Face vs Body Sunscreen: Are They Different?

According to some, the only real difference between facial sunscreen and body sunscreen is marketing and size, with body sunscreen available in larger bottles while facial sunscreen is sold in smaller tubes at a higher price.

That being said, the skin on your face does tend to be more sensitive than other parts of your body, so many individuals prefer a face-specific formula that’s more lightweight and non-greasy.

This also means that face sunscreen is less likely to irritate your skin or cause breakouts.

Which Type of Sunscreen SPF Should I Use?

Always opt for a broad-spectrum sunscreen, which protects against both UVA and UVB rays. Your sunscreen should have an SPF of at least 30, with 50+ usually being the most popular in terms of protection.

However, keep in mind that while the difference between SPF 10 and SPF 30 is significant, the difference between SPF 30 to SPF 50 is more minimal.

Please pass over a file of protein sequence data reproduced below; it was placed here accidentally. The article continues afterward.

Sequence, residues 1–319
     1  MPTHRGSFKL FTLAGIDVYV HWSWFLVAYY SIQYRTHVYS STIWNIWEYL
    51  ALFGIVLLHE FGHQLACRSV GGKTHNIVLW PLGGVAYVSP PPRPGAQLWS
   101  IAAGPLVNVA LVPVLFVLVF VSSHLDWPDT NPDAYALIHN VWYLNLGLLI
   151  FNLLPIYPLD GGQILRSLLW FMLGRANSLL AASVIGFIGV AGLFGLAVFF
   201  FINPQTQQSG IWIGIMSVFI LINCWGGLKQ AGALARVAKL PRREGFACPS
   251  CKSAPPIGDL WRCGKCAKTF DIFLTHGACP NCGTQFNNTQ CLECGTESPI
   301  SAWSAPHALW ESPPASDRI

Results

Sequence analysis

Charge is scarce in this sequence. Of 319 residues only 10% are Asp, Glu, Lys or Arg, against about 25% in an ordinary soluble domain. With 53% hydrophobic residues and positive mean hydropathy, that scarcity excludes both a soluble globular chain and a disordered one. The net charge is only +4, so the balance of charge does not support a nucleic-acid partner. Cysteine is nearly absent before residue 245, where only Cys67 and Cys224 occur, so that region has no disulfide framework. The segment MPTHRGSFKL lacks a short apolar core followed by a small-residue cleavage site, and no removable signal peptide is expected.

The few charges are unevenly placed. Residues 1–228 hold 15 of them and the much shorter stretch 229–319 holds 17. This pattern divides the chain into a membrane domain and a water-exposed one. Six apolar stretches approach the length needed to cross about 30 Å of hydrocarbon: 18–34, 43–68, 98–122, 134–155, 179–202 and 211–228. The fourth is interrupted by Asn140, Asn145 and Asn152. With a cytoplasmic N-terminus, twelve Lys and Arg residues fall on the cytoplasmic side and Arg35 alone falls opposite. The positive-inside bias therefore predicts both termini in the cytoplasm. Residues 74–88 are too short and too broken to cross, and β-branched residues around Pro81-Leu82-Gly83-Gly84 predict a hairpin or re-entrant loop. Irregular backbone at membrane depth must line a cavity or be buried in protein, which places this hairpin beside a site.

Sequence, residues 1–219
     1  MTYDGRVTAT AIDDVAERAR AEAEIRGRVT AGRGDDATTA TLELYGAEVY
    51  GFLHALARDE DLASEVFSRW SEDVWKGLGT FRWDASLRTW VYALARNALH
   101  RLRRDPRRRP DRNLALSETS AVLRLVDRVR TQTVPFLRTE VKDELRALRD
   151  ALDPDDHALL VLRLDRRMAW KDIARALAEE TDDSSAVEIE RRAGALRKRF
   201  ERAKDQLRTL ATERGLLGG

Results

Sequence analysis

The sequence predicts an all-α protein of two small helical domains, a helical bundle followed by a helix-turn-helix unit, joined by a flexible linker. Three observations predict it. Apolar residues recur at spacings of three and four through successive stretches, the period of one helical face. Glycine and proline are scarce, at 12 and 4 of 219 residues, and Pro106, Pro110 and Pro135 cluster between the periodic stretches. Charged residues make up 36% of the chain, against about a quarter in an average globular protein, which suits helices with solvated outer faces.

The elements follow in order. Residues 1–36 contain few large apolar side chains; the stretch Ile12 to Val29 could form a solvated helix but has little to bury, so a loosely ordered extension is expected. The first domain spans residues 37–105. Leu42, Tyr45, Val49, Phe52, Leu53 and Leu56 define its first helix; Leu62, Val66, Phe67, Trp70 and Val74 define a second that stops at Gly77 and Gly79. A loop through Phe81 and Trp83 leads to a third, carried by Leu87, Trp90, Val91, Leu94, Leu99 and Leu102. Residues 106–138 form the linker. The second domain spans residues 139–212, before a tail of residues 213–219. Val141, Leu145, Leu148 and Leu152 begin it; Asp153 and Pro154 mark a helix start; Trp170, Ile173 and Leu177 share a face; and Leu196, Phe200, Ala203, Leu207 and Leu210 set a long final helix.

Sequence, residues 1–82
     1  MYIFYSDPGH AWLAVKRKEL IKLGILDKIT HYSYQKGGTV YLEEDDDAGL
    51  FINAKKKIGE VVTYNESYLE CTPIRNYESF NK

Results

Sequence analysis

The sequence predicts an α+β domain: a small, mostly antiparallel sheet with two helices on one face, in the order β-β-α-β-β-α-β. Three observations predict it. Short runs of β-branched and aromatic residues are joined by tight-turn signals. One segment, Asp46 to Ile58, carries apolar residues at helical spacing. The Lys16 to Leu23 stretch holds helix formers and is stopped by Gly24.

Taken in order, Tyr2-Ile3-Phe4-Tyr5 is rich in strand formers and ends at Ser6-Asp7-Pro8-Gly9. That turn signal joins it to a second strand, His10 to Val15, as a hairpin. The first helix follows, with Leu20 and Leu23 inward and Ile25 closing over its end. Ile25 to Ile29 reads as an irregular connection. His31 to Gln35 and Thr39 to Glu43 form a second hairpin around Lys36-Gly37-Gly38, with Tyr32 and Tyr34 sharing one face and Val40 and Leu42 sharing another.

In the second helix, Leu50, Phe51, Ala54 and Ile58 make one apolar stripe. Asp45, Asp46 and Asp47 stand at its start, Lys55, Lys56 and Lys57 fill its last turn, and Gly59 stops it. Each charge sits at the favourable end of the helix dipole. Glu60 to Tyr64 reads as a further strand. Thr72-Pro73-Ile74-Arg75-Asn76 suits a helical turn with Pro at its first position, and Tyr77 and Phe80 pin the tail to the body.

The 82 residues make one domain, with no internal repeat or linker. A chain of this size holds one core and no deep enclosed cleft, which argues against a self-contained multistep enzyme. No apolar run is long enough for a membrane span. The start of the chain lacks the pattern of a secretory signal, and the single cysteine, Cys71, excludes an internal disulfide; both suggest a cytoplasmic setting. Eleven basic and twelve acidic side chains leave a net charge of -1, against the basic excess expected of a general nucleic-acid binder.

A sunscreen that is rated SPF 10 allows 1/10th of UV rays to get through, providing 90% protection. SPF 30 is about 97% effective, allowing only 3% of UV rays to hit your skin, while SPF 50 is around 98%. effective, allowing 2% of UV rays through.

Of course, more protection is always ideal, but there’s a common issue where SPF 50 wearers end up with a false sense of security due to the higher SPF rating. They may stay out in the sun longer or skip reapplying, which often results in a lot more UV exposure than if an individual wore SPF 30 sunscreen and reapplied appropriately.

How to Choose the Best Type of Sunscreen for YOU!